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The Law of Killing - A Brief History of Indian Fascism by Dilip Simeon

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This is an extended version of an article entitled Armies of the Pure: the Question of Indian Fascism , published in Revue des Livres, Paris, September 2012.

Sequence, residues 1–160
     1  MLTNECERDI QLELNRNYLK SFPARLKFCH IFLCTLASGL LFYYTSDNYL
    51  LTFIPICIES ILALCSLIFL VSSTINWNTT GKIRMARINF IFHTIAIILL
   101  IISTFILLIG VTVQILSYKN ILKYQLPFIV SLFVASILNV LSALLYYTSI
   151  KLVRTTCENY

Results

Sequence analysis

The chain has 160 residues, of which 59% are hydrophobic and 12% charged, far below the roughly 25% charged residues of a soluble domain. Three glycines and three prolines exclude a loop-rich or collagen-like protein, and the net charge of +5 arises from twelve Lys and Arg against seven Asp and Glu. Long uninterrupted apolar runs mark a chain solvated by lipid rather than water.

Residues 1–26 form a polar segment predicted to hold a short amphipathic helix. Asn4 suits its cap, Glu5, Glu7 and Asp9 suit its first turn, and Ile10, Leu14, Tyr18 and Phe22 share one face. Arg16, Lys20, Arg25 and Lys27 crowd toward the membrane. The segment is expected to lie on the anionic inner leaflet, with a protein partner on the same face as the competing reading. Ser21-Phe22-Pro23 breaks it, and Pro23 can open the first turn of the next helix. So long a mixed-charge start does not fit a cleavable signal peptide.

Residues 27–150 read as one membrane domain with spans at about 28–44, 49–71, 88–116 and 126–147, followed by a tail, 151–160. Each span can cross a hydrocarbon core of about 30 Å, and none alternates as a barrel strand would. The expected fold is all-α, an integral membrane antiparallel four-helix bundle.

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  1 The law of killing: a brief history of Indian fascism 1  Dilip Simeon The permanent militarisation of society requires a permanent enemy Hoodbhoy & Nayyar Politics is the plastic art of the state, just as painting is the plastic art of colour. This is why politics without the people or even against the  people, is sheer nonsense. To form a People out of the masses, and state out of the People, this has always been the deepest sense of a true politics Joseph Goebbels in his novel  Michael  (1929) The nation-state, incapable of providing a law for those who had lost the  protection of a national government, transferred the whole matter to the  police. Hannah Arendt in 1948 Introduction Is the term “fascism” relevant to India? The rhetorical use of the word has led to a semantic devaluation which is regrettable, because it can lead to a refusal to confront the reality of a fascist movement. In addition to this overused rhetoric, there is another problem, the reduction of  politics to the platforms or doctrines of existent political parties. This essay is an effort to go  beyond such rhetoric, to understand the srcins, forms and activity of authoritarian politics in India, and to examine whether they approximate to the fascist phenomenon. Historically, fascism has three aspects to it, viz., ideas, movements and regimes. I use “fascism/fascist” to refer to 1  This essay is an extended version of an article entitled ‘Armies of the Pure: the Question of Indian Fascism’, published in  Revue des Livres , Paris, September 2012. My master quotes are from Pervez Hoodbhoy and A. H. Nayyar, ‘Rewriting the History of Pakistan’, in Moha mmad Asghar Khan, ed.,  Islam, Politics and the State: the Pakistan Experience  (London, 1986); R. L. Rutsky,  High Technē: Art and Technology from the Machine Aesthetic to the Posthuman  (London, 1999) p. 68; and Hannah Arendt, The Origins of Totalitarianism   (src. 1948) (New York, 2004) p. 365. The phrase ‘the law of killing’ is from Arendt, Origins .. p 598. I am indebted to Jairus Banaji and the anonymous referee for suggesting improvements in the text.  2 right-wing populist dictatorships marked by ultra-nationalist ideologies, the abolition of the rule of law (or its subjugation to ideology and/or the will of a supreme leader), and the destruction of democratic institutions. I also use it to refer to movements that aspire to such regimes, and the ideologies that propel and accompany such movements. In some ways the movement and its ideas count for more than the regime, because fascist activity depends upon overt or covert official support for its successes, and its complete or partial control of organs of state power only accentuates tendencies that were already present beforehand. These tendencies  –   dynamism, the substitution of ideas by propaganda, the constant deployment of violence, the worship of power and a capacity for self-destruction  –   can lead the state itself towards disintegration. Which  political interests benefit from this? Why does society allow this to happen? How are these matters related to Indian political reality? These are complex questions, admitting of no easy answers. The notion that fascism may be properly recognised only when it seizes absolute power is dangerously misleading. This is because its hold on power arises primarily from intimidation and ideological influence, and is exhibited at the very first moment that organs of state tolerate or enable illegal and violent activities of fanatical cadre or crowds. Fascism invades the public sphere with controlled mobs. It represents an assault on politics, a replacement of democratic dialogue by violent intimidation, spectacular acclamation and automatic behaviour patterns. It is a cult of struggle, violence and war; a perversion of democracy towards ‘directed’ and theatrical activism in which charismatic leadership, perpetual motion and myth are essential ingredients. 2  A further peculiarity is that fascist ideology is a mixture of archaic and modern elements - but nevertheless, one that could arise only within mass democratic politics. This politics faces the question of legitimation in an age when the state is no longer grounded in the notion of divine right. Any state that appeals to this (divine) concept of sovereignty is faced with the problem of defining the agent who ‘properly’ represents divine law. Su ch an agent will automatically be above and beyond the control of the demos, or people, and hence such a polity will be something less than a democracy. In the absence of divine legitimation, conservative politics can take a  populist turn which seemingly embraces democracy, but perverts it by means of a mythic ideal of the People, of the Nation, seen as a monolith with a unique world mission. Nationalism here takes on the aspect of prayer. The more it assumes such an aspect, the more it, too, moves away from democracy. Historically speaking, fascist leaders have tended to be those who are successful at 2   For an elemental summary of fascism’s essential feat ures, see  Noel O’Sullivan, Fascism  (London, 1983).  3 deploying myths and sentiments as a means of defining the Nation. Such myths are generally militarist in nature and interpret history as a saga of victories and defeats. Nationalism, then, is the principal ideological ground of fascism. In an era of nation-states, fascism has emerged as an immanent tendency  –   not always successful  –   of so-called nation-building projects. People and Nation The nationalist fascination with communal arithmetic was a dominant feature of politics in the twentieth century. The Great War of 1914-18 led to the dissolution of four major multi-national empires, the Ottoman, the Tsarist, the Hohenzollern, and the Hapsburg. The statesmen who re-drew the geo-political map of the world in 1919 sought to re-arrange their component parts according to the principle of self-determination. This principle had acquired potency after the French Revolution had proclaimed the Rights of Man along with national sovereignty. Commenting on the links between 1789 and the ambivalent radicalism of the twentieth century, George Mosse wrote: ‘The French Revolution…put its stamp upon a novel view of the sacred: it created a civil religion which modern nationalism made its own, and fascism, whatever its variety, was, above all, a nationalist movement.’ 3  The ideal of the nation-state had a tortuous history, but by the end of the nineteenth century a powerful conviction held the world in its sway. The nation-state denoted the disastrous marriage of territorial space and ethnic community. 4  It was inaugurated as a principle of international law by the geopolitical arrangements of the Treaty of Versailles (1919), where Europe’s statesmen were charged with t he task of setting up a new 3   George Mosse, ‘Fascism and the French Revolution’,  Journal of Contemporary History , 24/1 (1989), pp. 5  –26, at p. 5. He continues: ‘The relationship between fascism and the Revolution involved a general reorientation of post-revolutionary European politics, a reorientation adopted at first by modern European nationalism, but subsequently by many other political movements as well. The basis of this reorientation was Rousseau’s concept of the general will, that only when men act together as an assemble people can the individual be a citizen. The general will became a secular religion under the Jacobin dictatorship  –   the  people worshipping themselves  –   while the political leadership sought to guide and formalize this worship. Fascism saw the French Revolution as a whole through the eyes of the Jacobin dictatorship’ (pp. 5–  6). 4  I use the term ethnic  in its twentieth century usage  –    ‘often associated with race, nationality, or religion,  by which the group ident ifies itself and others recognize it’ ( The New Shorter Oxford English Dictionary ). This broad semantic range equips the word for many usages, which might change over time. President Wilson’s Fourteen Points used nation  and nationality  interchangeably; and the term ‘opportunity of autonomous development’ to denote what later became famous as ‘self  - determination’ (a political imperative influenced by the then insurgent Russian social-democracy). In 1929, Karl Kautsky suggested that nation  be used to designate the population of a state. ‘The further east we go the more numerous are the portions of the population that do not wish to belong to it, that constitute national communities of their own within it. They too are called “nations” or “nationalities.” It wou ld be advisable to use only the latter term for them’. Cited in Horace B. Davies, Towards a Marxist Theory of Nationalism  (New York, 1978) p. 6. The clear assumption here is that the nation is ethnically homogenous.  4 international order that would establish a sovereign Poland as well as stabilise the vast disintegrated territories of the Ottoman and Hapsburg empires. The ethnically scattered nature of the population of central, eastern and south-eastern Europe doomed the exercise from the start. It forced the Slovaks, Croats and Slovenes into artificial states such as Czechoslovakia and Yugoslavia and bestowed the status of ‘minority’ upon others. This fabricated institution was the launch-pa d for the invention of ‘minorities’ (which came into existence because another, larger group was deemed to be the natural ‘ majority ’ ). An article written in 1923 by an official of the League of Nations defined minorities as ‘groups of persons who differ in  race, religion or language from the majority of the inhabitants of the country.’ 5  It also generated what was then called ‘transfer of population’ and nowadays, ‘ethnic cleansing’. The first major instance of state -sponsored transfer was the mass expulsion of Turkey’s Armenian population in 1915, which resulted in up to one and a half million deaths. It took place during the death throes of the Ottoman Empire and the emergence of the ultra-nationalist Young Turk movement. The history of the Armenian genocide remains highly politicised and contested, although the massacres were mentioned in the text of the Treaty of Sevres (1920) between Turkey and the Allied powers. 6  With the formal advent of the nation-state, the state ceased to be an instrument of law and  became instead an instrument of the Nation. 7  An ideological arithmetic suffused the atmosphere of nationalist movements  –   and as we know, nationalism covered a wide range of inclinations, from Nazism to anti- colonialism. Due to this, in Hannah Arendt’s words, ‘nationally frustrated  population(s)’ were ‘firmly convinced’ –   as was everybody else  –    that ‘true freedom, true emancipation and true popular sovereignty could be attained only with full national emancipation, that people without their own nation al government were deprived of human rights.’ As a result, ‘those peoples to whom states were not conceded, no matter whether they were official minorities or only nationalities, considered the Treaties an arbitrary game which handed out rule to some and s ervitude to others.’ 8  She continued: The real significance of the Minority Treaties lies not in their practical application but in the fact that they were guaranteed by an international body, the League of Nations… The 5   Helmer Rosting, ‘Protection of Minorities by the League of Nations’, The American Journal of  International Law , 17/4 (1923), pp. 641  –  660. 6  http://www.armenian-genocide.org/Affirmation.236/current_category.49/affirmation_detail.html  7  Two excellent accounts of the minority question may be read in Arendt, Origins.. , in the subsection called ‘The “Nation of Minorities” and the Stateless People’, pp. 344–  368; and Mark Mazower,  Dark Continent:  Europe’s Twentieth Century   (London, 1999) Chapter 2, ‘Empires, Nations, Minorities’. 8  Arendt, Origins , pp. 347, 345.